Computers & Electronics

Running Ethernet Throughout Home

  • Last Updated:
  • Jun 2nd, 2020 3:19 pm
[OP]
Newbie
Apr 26, 2020
6 posts

Running Ethernet Throughout Home

I was wondering how much it would roughly cost me to run ethernet to an upstairs bedroom of a 2 story + finished basement 2700 sq ft house. The home is 8 years old, if that matters. I have a coaxial connection on both floors as well. Also, is this a task I could take on myself or no.
31 replies
Deal Fanatic
Aug 29, 2011
6093 posts
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Mississauga
Finished basement makes it harder but not impossible. As far as DIY it'll depend on how handy you are. I ran my own ethernet (Cat6 and keystone jacks) before finishing the basement.
Member
Aug 18, 2019
264 posts
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Or use any kind of WiFi extender with Ethernet port option. Or powerline adapter.
~ 👍teslanaire2bitcoinaireButStillCheapLurking@RFDForDeals✌️~
Deal Addict
Aug 4, 2006
3081 posts
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Toronto
Bell will give you G.Hn Coax adapters for free if you ask. Run at full gigabit for me
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Dec 24, 2006
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Barrie
I know people aren't giving you costing estimates which is what you are asking. I would guess it would cost about $1200 - $1400 to have a professional company do it.

However, you can do this yourself. Buy a box of Cat 6e shielded cable for about $200 (https://www.infinitecables.com/bulk-cab ... ulk-cable/) and then run those through your cold air returns in the house and up to the attic. Your cold airs upstairs should be near the ceiling so you take the cover off and then take sting with 8 or so large washers tied on the end and you drop it down to the ground. You just keep jiggling and shaking until you use up about 16' - 20' of the string when taught. You will know you are at the bottom then. You then go to the basement and listen for the noise when someone upstairs pulls and drops the washers on the air duct. Then you know where they are in the basement. You then go to your unfished furnished area and use a fish tool to snake into the cold air ducks and grab the string. bring it back into your unfinished area and then cut a hole in the duct and you can pull the string out. Now you have a path from the basement to the wall of the upper floor. Now you go in to attack and cut a large hole in the stud header where the cold air return is and you now have access from the basement to attic. Now attach the cat 6e and another string to the washers and start pulling up. Once you get to the cold air vent you can manually feed it through the joist header hole and into the attic. Voila, you now have it in the attic and can pull it to the room you want and then cut a hole in that rooms stud header and feed the cable down. Cut a hole in the drywall where you want it to come out and fish it through. Now you use that second string to pull the first string (one with the washers) back down to the basement and you simply repeat this for all the rooms you want to pull the cable too. Once done you add aluminum tape to the hole you make in the ductwork to come it completely and then you use silicone caulking in the stud header to seal the holes and seal the vapor barrier back down. Use boxless keystone covers and use a crimper to put the ends on the cables.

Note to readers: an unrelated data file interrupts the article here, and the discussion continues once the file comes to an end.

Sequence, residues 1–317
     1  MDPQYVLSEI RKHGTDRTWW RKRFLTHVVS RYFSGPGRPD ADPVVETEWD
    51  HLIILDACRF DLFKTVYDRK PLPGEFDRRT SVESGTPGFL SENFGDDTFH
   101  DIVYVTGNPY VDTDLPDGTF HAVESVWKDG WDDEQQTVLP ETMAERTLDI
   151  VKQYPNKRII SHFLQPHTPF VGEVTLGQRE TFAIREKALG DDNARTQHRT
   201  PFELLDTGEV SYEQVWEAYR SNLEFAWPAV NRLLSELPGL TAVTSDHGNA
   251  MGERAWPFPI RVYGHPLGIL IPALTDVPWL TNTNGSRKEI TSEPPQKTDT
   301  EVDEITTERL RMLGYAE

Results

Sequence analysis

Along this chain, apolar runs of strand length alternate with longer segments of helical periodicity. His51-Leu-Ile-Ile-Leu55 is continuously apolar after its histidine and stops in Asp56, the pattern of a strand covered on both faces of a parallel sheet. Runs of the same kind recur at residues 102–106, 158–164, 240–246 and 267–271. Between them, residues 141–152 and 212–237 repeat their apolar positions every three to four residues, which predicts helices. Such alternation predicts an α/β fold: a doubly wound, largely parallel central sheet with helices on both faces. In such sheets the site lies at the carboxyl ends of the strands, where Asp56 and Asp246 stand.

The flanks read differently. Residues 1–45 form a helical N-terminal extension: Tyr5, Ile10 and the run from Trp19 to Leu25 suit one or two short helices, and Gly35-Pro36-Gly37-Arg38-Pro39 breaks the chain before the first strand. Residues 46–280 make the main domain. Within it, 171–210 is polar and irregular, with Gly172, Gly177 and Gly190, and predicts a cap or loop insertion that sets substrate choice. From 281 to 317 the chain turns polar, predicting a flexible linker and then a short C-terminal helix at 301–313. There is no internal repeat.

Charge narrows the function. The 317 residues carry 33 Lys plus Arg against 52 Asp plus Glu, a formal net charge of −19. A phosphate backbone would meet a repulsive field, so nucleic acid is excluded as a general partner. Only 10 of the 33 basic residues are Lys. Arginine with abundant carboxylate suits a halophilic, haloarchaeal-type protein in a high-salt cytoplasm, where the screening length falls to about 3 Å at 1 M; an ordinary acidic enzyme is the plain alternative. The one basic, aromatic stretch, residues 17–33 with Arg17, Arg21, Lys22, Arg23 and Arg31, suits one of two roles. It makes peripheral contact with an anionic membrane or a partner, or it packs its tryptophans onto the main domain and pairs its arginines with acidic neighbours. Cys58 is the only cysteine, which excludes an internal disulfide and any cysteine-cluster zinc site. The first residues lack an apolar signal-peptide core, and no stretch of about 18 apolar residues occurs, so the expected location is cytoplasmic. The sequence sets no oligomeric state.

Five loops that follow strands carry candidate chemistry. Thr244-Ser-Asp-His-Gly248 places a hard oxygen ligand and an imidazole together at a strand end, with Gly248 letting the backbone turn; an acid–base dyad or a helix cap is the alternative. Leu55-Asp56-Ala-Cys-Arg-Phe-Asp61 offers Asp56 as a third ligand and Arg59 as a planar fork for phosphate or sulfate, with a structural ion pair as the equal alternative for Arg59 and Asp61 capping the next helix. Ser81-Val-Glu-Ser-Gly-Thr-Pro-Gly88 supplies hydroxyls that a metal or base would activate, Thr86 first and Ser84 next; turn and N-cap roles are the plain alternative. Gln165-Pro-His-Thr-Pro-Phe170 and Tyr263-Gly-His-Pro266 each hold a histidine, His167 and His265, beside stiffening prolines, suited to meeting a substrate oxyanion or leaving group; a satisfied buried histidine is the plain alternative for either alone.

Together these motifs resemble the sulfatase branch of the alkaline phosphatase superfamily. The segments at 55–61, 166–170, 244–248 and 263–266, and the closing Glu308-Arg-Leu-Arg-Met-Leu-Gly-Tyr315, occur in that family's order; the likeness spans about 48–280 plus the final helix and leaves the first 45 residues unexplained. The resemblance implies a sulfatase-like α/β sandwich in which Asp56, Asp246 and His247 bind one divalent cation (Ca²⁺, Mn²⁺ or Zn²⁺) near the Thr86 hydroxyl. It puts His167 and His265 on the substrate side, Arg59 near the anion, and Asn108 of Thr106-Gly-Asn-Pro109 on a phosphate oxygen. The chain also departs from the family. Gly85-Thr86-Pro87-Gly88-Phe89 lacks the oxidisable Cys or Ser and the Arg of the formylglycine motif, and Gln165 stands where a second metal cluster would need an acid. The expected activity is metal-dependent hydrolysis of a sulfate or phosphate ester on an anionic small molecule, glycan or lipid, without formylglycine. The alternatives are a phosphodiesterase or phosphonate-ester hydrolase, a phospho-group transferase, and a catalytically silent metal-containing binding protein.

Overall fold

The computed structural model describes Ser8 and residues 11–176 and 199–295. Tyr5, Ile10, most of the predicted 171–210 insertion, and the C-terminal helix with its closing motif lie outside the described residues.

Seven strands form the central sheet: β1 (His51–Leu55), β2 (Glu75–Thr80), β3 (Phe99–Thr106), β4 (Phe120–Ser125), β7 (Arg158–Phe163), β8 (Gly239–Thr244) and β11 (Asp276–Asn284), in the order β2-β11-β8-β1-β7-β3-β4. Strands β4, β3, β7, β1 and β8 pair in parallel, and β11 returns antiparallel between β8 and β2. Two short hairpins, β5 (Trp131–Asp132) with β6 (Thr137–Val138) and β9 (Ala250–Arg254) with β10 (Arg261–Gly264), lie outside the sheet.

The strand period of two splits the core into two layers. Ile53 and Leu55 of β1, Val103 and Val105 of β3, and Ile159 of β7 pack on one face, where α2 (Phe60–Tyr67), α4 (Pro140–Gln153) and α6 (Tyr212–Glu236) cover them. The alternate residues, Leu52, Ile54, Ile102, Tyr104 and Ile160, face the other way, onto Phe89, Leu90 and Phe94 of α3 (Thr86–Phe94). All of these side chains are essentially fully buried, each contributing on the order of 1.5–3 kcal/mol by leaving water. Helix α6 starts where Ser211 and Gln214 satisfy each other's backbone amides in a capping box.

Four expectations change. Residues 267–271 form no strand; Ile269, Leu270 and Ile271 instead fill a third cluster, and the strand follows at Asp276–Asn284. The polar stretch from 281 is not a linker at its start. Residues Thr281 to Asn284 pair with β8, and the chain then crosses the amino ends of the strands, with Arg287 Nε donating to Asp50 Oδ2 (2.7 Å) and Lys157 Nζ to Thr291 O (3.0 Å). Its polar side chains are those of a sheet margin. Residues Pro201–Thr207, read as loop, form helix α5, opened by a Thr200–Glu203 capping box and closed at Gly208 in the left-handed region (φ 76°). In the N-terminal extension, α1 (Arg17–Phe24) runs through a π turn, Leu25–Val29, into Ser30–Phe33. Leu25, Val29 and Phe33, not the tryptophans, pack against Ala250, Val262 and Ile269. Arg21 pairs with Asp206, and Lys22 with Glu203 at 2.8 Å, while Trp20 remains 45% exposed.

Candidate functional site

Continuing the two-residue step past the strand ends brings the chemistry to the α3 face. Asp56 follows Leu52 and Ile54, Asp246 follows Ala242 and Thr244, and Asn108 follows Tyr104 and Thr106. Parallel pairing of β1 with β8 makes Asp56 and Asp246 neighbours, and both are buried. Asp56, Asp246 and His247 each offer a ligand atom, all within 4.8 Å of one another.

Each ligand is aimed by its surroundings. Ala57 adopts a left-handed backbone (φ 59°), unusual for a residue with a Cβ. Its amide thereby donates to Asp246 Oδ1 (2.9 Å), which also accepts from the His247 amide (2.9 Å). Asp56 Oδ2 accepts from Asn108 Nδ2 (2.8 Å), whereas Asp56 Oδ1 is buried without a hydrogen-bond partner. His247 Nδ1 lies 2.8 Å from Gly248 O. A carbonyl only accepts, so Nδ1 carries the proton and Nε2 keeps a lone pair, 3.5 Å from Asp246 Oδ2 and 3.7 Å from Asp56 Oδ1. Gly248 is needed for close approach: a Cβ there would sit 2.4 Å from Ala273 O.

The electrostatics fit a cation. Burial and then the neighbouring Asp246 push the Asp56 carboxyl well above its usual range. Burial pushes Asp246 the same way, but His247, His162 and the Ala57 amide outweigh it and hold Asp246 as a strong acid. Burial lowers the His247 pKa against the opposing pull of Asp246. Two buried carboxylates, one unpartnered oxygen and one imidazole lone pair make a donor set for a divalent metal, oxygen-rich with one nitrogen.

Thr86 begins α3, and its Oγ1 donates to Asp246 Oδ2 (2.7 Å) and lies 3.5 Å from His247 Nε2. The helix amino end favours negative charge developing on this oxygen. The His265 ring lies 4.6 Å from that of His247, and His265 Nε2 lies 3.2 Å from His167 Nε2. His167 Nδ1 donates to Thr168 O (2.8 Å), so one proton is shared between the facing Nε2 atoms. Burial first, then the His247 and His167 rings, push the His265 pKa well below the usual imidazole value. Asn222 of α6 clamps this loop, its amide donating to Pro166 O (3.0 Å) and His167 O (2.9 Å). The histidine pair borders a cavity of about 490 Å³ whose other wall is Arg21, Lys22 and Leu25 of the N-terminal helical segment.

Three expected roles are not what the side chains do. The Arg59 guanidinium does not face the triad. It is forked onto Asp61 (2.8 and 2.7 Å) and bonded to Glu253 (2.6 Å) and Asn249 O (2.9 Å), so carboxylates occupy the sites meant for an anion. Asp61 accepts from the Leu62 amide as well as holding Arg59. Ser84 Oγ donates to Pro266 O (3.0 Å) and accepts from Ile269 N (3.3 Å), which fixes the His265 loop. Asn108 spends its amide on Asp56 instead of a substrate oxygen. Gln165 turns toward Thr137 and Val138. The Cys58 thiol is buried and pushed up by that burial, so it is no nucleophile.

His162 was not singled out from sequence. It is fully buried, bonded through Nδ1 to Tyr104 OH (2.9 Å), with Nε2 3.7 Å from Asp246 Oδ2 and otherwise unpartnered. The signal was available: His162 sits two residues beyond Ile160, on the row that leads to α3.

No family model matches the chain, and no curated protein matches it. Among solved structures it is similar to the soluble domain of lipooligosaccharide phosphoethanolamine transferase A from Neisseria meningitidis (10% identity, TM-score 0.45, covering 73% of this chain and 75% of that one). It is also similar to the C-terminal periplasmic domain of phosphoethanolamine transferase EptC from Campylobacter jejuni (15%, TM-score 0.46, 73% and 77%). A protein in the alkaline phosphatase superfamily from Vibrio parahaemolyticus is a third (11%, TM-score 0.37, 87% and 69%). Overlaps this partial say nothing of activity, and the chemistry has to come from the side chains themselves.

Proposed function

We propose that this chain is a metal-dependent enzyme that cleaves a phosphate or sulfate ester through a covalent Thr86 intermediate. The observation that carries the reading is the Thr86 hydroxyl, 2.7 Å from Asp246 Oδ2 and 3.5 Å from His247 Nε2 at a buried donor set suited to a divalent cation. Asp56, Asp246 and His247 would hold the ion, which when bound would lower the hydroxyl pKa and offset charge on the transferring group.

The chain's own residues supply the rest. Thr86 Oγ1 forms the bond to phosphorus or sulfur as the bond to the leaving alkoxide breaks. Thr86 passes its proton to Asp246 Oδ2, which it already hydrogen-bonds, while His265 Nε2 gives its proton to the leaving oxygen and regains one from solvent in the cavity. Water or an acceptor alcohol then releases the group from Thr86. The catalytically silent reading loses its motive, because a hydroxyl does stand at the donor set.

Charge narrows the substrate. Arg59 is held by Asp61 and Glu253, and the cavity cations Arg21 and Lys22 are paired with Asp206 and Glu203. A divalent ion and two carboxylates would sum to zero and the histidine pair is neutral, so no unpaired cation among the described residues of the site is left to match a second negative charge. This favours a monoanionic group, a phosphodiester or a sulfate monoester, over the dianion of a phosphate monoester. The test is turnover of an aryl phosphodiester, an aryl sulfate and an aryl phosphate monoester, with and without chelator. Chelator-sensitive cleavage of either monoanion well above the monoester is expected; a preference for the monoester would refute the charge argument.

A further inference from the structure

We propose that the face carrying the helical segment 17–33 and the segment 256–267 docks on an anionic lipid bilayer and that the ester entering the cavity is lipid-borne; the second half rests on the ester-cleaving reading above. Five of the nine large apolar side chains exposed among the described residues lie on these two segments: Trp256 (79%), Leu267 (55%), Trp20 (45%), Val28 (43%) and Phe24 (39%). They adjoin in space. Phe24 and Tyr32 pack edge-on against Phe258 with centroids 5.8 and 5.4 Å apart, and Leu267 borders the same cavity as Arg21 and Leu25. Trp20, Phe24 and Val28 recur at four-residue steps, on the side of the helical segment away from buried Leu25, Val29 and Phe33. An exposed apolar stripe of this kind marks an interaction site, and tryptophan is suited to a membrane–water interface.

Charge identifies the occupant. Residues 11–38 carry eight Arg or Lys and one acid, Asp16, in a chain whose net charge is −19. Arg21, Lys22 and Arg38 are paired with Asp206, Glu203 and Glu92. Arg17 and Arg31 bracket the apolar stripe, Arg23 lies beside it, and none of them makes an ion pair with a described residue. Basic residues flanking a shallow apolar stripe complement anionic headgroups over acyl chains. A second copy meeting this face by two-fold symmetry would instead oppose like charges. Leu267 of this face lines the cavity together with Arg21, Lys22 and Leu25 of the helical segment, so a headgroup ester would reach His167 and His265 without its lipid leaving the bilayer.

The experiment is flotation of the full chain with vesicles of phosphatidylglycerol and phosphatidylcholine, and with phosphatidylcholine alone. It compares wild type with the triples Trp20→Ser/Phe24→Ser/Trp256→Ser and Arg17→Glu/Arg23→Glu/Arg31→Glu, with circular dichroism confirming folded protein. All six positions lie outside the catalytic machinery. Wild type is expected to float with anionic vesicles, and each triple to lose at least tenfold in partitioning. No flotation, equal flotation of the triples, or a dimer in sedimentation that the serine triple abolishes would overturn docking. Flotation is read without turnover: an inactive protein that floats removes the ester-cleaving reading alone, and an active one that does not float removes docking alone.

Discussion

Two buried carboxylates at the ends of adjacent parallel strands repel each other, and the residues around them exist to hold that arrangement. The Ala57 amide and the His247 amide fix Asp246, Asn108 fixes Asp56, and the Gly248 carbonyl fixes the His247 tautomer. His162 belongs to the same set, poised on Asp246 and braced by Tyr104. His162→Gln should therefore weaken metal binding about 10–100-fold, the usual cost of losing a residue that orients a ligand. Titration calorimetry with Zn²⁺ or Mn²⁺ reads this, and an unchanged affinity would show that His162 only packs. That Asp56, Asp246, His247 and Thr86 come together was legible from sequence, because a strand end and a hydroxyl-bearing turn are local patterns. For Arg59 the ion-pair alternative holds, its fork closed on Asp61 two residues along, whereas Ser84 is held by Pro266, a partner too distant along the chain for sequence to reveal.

It would cost you about $300 for materials and then just your labour.
Deal Addict
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Nov 25, 2009
2592 posts
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Winnipeg
Ethernet over powerline but what's wrong with the wifi?
[OP]
Newbie
Apr 26, 2020
6 posts
RunnerForDeals wrote: I know people aren't giving you costing estimates which is what you are asking. I would guess it would cost about $1200 - $1400 to have a professional company do it.